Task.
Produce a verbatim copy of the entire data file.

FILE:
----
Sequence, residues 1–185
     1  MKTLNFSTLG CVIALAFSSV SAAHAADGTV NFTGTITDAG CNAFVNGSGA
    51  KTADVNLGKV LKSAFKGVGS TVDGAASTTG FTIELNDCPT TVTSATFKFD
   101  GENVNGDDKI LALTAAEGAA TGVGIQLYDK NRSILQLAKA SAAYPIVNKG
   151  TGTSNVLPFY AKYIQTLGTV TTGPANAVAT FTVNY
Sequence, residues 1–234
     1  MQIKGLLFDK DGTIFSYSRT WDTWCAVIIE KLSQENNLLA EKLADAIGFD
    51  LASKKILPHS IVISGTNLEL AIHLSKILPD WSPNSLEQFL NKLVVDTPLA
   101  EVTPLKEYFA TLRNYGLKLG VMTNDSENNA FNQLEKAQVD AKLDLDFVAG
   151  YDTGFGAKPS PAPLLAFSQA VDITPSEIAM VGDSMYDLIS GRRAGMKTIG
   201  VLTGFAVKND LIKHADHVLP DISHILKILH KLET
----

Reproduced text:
Sequence, residues 1–185
     1  MKTLNFSTLG CVIALAFSSV SAAHAADGTV NFTGTITDAG CNAFVNGSGA
    51  KTADVNLGKV LKSAFKGVGS TVDGAASTTG FTIELNDCPT TVTSATFKFD
   101  GENVNGDDKI LALTAAEGAA TGVGIQLYDK NRSILQLAKA SAAYPIVNKG
   151  TGTSNVLPFY AKYIQTLGTV TTGPANAVAT FTVNY
Sequence, residues 1–234
     1  MQIKGLLFDK DGTIFSYSRT WDTWCAVIIE KLSQENNLLA EKLADAIGFD
    51  LASKKILPHS IVISGTNLEL AIHLSKILPD WSPNSLEQFL NKLVVDTPLA
   101  EVTPLKEYFA TLRNYGLKLG VMTNDSENNA FNQLEKAQVD AKLDLDFVAG
   151  YDTGFGAKPS PAPLLAFSQA VDITPSEIAM VGDSMYDLIS GRRAGMKTIG
   201  VLTGFAVKND LIKHADHVLP DISHILKILH KLET